Dear Captain Awkward,
So there’s this guy, let’s call him James. We have been friends for several years and in this, our last year of medical school, have slowly gone from drunken making-out, to friends with benefits, to casually dating. It has been exciting and awesome, but we were both more or less expecting this part of our relationship to be temporary since we assumed we would be moving to different cities for residency. We agreed it would have been foolish to enter the residency match as a couple, since we were just starting to explore the attraction back when that decision had to be made.
Against all odds and without any attempts to manipulate the system, we matched in the same city, my hometown. We’re not sure yet if we are going to keep dating – the removal of a definite end date means we now have to consider long-term compatibility in a way we haven’t before (God, I sound so clinical. I have emotions, I swear). I don’t want to spend time in a relationship that doesn’t have at least the potential to be forever, so we have started talking about what we both want in life. I feel good about all of this. Worst-case scenario we keep having fun until graduation then move to the new city as really good friends.
The problem is that I have never mentioned this relationship to my mother and I’m starting to think I need to, sooner rather than later. As far as she knows, James is my good friend who I am happy is moving to our city. Both of my sisters are fully briefed on the situation, but my mother (1) is somewhat traditional and (2) can’t keep her mouth shut, so telling her something means telling my grandmother, aunts, and cousins as well. I’m a generally private person and originally didn’t want my loosely-defined, probably temporary relationship to be a general topic of discussion. I had been planning to fill her in after James and I made our decision, assuming the decision was to keep dating. However, I’m worried my mom is going to feel hurt if I wait much longer. The situation is complicated by the fact that James and I are planning an apartment-hunting trip (for separate apartments) in the near future and he will be staying with me in my parents’ home for several days.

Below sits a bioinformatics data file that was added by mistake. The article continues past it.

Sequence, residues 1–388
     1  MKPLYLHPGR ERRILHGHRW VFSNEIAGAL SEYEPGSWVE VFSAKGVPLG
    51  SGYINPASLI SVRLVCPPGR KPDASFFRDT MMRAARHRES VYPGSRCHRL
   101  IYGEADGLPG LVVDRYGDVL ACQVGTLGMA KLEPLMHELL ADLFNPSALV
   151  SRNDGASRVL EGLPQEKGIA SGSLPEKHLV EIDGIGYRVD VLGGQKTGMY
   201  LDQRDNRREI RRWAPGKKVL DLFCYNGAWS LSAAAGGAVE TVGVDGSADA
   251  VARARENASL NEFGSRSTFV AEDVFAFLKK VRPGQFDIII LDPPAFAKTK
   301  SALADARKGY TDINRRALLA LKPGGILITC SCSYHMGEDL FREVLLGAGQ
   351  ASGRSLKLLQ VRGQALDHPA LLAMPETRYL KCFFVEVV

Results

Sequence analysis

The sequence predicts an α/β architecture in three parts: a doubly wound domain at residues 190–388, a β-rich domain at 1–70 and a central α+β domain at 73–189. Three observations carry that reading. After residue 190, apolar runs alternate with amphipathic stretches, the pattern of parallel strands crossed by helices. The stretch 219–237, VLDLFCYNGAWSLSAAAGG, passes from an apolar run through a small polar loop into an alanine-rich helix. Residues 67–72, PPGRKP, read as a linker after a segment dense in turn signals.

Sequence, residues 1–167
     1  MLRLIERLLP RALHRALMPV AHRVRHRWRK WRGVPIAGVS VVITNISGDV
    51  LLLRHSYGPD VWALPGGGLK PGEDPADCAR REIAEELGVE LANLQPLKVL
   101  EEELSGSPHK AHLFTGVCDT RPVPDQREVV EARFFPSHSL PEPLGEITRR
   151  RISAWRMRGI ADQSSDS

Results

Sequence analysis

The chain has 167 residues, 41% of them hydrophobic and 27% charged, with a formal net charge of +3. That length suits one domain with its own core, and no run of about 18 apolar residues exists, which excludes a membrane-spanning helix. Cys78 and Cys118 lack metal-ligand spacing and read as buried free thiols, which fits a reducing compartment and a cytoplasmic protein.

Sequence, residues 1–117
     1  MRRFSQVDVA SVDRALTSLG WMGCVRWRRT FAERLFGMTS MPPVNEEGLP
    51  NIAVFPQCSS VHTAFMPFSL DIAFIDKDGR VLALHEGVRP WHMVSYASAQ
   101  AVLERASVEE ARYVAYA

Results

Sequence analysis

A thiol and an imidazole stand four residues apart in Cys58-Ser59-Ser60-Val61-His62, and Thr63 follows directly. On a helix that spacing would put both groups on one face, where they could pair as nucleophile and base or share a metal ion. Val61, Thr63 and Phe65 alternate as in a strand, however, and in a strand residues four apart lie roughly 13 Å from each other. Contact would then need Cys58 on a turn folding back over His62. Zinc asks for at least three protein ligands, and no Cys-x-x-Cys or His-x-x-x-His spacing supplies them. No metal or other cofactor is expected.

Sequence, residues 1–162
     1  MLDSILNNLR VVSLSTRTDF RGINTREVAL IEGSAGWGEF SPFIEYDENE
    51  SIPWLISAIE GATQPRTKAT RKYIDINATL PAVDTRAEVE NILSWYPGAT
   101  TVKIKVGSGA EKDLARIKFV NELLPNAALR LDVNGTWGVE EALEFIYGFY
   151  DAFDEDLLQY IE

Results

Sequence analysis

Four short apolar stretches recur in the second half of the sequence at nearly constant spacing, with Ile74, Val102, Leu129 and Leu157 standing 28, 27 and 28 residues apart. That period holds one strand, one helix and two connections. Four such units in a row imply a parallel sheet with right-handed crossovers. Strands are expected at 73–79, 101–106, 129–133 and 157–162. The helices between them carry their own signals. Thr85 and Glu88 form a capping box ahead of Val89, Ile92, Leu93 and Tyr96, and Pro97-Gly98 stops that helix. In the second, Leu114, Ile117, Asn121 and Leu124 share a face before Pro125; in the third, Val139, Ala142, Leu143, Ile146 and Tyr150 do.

The way I see it, the options are:
1) Say nothing to Mom, James and I decide it makes more sense to just be friends, extended family is none the wiser and I avoid any misplaced pity for a relationship that didn’t work out.
2) Say nothing to Mom, James and I decide to keep dating but only after the apartment-hunting trip. I’m worried that telling her we’ve been dating for months after having him stay in our home in the guise of a friend will make her feel lied to and poison her against him.
3) Tell Mom now that we’ve been dating, explaining that things are a bit up in the air while we evaluate the relationship. This seems like the mature thing to do. I think her feelings still may be hurt that I haven’t confided in her before now, and I have some (small) concern that she would try to disinvite him from staying at our house for the sake of propriety (and if she doesn’t, that things would be awkward).